I took little comfort in the fact that I wasn’t alone. Many of us have bought into the notion that to be idle is to be unproductive. We can’t stand to have a “free” moment, so we over-pack our schedules and we stress ourselves to the max by constantly doing, doing, doing. Busyness has become a status symbol. Always rushing around from one task to another. Constantly busy. On the job 24/7. As Americans, we’re busier than ever, filling our lives with constant motion and tasks to be accomplished.

We don’t just do that for ourselves—we do that for our children too. Then everyone ends up all feeling so overwhelmed by our lengthy and never-ending to-do lists. We’ve fallen into the trap of over-scheduling, over-doing and over-committing our time and resources.

And in the midst of our extreme busyness, we forget that to be constantly busy means more than having no free time. It also means we pass through life as if on a fast train, everything outside of our small world a blur without form.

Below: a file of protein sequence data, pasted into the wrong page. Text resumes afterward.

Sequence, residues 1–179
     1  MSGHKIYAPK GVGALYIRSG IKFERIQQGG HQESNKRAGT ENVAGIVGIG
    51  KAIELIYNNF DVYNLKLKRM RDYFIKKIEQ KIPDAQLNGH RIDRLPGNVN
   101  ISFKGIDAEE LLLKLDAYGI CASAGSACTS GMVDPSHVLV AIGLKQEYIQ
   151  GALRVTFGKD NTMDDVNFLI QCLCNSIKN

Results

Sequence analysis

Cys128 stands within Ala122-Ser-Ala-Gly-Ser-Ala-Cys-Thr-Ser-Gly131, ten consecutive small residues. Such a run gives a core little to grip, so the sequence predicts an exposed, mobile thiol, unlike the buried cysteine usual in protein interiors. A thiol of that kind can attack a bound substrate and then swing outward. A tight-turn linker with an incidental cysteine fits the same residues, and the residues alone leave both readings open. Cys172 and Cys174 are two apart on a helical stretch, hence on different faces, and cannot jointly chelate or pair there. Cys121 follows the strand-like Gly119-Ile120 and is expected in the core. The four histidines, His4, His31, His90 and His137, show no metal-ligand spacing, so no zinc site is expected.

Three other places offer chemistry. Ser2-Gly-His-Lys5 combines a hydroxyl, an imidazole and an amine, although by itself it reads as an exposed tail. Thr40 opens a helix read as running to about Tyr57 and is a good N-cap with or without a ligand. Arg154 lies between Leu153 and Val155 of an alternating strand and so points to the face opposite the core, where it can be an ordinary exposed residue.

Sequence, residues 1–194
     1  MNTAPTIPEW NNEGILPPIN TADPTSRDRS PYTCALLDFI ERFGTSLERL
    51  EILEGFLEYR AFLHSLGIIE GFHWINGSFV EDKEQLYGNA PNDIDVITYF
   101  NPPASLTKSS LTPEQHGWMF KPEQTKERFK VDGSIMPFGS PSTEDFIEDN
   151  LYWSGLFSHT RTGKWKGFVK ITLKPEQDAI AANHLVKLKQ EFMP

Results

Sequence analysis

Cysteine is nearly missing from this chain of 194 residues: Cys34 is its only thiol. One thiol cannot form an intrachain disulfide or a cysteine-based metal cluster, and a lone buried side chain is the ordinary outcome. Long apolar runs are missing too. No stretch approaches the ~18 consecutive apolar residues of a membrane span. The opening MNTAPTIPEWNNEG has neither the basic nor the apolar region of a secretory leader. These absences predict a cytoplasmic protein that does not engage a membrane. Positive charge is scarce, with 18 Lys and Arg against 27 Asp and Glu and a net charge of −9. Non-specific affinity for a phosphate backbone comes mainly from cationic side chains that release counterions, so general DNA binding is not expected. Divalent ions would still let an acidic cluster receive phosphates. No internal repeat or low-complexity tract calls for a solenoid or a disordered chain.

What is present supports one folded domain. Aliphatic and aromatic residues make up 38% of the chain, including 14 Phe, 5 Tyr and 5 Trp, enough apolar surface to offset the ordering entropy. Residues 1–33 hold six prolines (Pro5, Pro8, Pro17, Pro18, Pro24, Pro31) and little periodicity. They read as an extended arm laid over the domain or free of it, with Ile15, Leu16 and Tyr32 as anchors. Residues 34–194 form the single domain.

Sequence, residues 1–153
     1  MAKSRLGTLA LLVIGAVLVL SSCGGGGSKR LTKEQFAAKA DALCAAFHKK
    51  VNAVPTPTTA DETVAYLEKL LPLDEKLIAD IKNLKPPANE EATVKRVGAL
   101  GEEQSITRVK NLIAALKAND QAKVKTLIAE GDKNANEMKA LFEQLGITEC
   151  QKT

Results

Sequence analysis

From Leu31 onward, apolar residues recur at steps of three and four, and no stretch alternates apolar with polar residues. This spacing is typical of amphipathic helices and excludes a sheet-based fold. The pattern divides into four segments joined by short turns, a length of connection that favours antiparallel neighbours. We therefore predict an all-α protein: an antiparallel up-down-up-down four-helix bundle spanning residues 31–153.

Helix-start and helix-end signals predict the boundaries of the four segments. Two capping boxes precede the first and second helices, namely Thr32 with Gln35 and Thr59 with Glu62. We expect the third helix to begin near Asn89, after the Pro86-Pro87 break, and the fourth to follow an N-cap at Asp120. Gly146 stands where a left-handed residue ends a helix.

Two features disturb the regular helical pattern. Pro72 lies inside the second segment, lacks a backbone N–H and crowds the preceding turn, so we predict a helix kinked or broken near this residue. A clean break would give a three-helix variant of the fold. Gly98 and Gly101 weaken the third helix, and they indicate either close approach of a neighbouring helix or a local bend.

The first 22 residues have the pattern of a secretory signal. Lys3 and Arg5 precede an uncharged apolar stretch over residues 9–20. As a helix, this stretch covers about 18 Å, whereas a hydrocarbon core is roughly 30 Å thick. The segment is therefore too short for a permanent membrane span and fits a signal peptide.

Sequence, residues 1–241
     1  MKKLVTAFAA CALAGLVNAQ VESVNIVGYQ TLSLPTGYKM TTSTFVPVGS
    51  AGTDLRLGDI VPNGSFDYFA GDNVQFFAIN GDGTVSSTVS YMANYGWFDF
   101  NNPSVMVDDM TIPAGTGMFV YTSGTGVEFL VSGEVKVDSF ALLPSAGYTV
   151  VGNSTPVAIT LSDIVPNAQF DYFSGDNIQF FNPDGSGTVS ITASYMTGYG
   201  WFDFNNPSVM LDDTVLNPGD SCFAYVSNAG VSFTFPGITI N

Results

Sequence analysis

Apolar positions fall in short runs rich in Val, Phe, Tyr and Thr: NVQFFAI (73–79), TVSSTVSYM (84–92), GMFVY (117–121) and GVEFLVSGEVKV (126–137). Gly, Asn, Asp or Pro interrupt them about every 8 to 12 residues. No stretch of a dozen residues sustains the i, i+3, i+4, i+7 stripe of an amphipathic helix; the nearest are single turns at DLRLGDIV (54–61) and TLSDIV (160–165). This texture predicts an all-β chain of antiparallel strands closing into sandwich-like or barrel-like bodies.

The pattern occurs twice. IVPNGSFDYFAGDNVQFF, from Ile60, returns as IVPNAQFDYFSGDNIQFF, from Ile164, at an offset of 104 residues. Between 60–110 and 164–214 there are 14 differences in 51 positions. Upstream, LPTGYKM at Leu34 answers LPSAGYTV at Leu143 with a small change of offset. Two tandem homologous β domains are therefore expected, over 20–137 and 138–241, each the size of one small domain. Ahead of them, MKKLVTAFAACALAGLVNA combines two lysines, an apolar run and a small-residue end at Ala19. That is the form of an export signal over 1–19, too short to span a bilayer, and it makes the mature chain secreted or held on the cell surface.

When we suck our children into our busyness, we do more than slash their playtime. We also severely limit their imaginations. In short, being overly busy with little downtime squelches the wonder.

The wonder to take a few minutes to watch the worm wiggle across the sidewalk. The wonder to watch the giant excavator scoop up a load of dirt and drop it into a dump truck. The wonder to gaze at the puffy clouds and see a unicorn or dragon. The wonder to lay back on the warm grass and trace the contrail streams left by airplanes high in the sky. The wonder to let a mind drift into that magical realm of what-if that allows children—and adults—to dream the dreams that sometimes change the world.

I’m thankful I realized sooner rather than later that my hurrying to the next thing wasn’t always in the best interest of myself or my children. Now, while some weeks are more packed than others, I deliberately try to work in extra time on a regular basis so that when opportunities arise that demand a moment of exploration or investigation, we can take that time. My kids won’t always want to examine a tree’s peeling bark or gaze at an interesting display in a store window, so while they still do, I will try to help them take advantage of the situation.

Until next time,

Thursday, January 29, 2015

For the Love of TV